When you measure relative humidity (RH), you’re gauging the moisture in the air. The higher the RH%, the more moisture is out there. While you may be sick of humidity this time of year, it’s a very, very important part of baking. Done right, it works wonders on product consistently and quality.
Why is it so important?
The amount of vapor, or humidity, in the air impacts baking time by slowing moisture evaporation and gluten coagulation in the crust. The wrong ratio, and your product will be tough and overdone. Relative humidity needs to be measured during every step of the baking process!
How do you measure relative humidity?
Thankfully, there are inexpensive instruments that read both relative humidity and temperature. They can:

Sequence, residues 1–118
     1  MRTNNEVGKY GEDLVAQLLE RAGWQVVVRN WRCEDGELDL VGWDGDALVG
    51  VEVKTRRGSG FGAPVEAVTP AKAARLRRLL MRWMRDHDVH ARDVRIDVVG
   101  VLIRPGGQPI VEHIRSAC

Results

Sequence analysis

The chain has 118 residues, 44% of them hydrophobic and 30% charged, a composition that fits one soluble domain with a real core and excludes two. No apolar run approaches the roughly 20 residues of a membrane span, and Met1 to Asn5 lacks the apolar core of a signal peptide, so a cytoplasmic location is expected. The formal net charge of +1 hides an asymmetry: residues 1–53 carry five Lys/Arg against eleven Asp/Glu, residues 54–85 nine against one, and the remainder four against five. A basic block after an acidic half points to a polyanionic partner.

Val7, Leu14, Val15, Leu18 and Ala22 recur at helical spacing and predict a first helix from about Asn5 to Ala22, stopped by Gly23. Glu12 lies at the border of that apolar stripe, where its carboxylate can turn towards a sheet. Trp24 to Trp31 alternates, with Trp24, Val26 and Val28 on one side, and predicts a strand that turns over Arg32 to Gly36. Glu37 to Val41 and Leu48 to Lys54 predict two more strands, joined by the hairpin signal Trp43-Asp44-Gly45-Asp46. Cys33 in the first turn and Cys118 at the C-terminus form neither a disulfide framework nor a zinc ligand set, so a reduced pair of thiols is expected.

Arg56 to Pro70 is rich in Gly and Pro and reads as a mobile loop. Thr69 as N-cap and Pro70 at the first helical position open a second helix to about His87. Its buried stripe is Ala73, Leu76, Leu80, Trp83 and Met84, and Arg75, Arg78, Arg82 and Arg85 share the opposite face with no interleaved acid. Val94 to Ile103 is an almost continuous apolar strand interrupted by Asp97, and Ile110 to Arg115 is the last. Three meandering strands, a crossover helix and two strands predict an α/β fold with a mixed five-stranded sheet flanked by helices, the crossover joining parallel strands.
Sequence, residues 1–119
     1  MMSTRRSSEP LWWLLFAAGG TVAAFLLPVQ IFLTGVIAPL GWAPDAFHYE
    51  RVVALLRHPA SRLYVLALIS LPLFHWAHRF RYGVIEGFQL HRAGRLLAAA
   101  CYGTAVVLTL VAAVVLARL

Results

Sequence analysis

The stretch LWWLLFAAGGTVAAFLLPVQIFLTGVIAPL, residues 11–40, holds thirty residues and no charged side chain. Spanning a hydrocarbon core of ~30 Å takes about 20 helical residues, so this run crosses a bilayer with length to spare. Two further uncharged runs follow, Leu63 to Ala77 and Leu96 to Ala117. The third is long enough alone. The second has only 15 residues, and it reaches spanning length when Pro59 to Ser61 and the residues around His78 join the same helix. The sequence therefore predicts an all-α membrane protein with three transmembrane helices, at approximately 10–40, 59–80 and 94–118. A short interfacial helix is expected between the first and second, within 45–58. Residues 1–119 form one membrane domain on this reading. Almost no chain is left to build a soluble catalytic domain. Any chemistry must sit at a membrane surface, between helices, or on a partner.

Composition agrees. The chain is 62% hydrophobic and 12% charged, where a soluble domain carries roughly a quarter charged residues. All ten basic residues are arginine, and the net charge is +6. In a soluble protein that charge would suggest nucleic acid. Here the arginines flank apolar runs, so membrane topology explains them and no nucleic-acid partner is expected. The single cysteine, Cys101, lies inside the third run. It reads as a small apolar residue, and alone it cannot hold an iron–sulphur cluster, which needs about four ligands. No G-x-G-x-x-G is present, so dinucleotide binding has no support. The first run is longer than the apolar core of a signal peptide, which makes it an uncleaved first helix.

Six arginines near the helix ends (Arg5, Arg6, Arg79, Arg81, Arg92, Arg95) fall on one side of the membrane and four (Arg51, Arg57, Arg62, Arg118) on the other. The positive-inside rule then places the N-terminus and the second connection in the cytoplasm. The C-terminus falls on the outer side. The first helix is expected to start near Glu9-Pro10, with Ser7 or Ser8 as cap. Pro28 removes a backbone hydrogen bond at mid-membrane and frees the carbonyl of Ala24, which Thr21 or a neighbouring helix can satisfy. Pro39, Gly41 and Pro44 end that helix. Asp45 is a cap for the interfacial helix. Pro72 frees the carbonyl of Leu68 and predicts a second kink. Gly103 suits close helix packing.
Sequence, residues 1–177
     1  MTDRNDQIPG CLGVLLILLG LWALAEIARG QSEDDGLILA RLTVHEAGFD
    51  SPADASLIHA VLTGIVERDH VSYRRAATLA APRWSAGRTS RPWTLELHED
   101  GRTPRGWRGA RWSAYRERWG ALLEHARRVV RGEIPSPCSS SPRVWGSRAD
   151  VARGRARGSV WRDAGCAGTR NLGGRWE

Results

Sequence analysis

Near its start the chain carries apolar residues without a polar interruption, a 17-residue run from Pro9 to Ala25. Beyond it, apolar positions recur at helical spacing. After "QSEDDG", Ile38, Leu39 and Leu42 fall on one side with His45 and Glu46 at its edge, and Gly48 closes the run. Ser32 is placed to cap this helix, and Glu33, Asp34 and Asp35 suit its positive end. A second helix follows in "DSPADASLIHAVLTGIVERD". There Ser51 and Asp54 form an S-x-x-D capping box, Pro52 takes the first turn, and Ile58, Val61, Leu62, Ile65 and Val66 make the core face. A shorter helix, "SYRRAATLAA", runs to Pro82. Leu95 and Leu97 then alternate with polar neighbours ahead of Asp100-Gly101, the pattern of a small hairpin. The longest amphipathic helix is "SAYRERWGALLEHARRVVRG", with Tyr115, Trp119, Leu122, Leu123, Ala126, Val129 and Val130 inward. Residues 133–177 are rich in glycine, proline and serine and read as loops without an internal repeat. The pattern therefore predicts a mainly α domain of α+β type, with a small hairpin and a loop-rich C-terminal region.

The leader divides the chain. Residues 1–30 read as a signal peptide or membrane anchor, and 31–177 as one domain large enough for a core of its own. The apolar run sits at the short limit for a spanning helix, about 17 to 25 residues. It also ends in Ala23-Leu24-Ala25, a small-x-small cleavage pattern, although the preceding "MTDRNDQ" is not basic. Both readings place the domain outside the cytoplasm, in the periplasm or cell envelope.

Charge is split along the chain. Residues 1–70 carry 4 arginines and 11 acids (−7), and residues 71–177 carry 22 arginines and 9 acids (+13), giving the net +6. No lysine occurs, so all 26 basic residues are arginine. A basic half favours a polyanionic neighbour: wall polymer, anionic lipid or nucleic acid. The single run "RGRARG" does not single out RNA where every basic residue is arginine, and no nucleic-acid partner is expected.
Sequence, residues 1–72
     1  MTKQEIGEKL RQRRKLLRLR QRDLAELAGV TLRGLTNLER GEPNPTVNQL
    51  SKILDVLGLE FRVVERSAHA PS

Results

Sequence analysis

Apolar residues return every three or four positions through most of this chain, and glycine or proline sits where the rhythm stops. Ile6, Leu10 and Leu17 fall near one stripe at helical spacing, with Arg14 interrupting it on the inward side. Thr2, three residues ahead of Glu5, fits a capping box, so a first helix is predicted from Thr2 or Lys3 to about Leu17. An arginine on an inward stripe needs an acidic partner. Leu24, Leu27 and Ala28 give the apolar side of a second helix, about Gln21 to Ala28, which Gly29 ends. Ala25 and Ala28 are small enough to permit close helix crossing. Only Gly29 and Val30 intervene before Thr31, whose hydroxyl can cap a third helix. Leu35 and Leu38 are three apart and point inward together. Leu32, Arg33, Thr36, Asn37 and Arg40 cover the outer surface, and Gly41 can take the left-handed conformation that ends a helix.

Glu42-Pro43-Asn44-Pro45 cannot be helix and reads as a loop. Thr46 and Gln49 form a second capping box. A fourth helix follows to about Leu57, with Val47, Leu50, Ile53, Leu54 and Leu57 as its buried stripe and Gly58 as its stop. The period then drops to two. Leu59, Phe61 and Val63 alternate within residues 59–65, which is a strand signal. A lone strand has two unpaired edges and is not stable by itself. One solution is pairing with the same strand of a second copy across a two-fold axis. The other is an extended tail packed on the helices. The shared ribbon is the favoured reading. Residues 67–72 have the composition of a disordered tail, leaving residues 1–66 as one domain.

- Render real time display
- Work in proofers, dough and mixing rooms
- Log data over time, helping you analysis and adjust over time
What about wet bulb/dry bulb measurements? Learn about those methods.
How do we calculate relative humidity?
For eg..my proofing temperature is 50 degree Celsius and relative humidity is 80%
How do I calculate rh.
Is it like this? (80÷100)×50.
Hi Chokey, we have the formula for relative humidity and more info on this page: https://bakerpedia.com/processes/relative-humidity/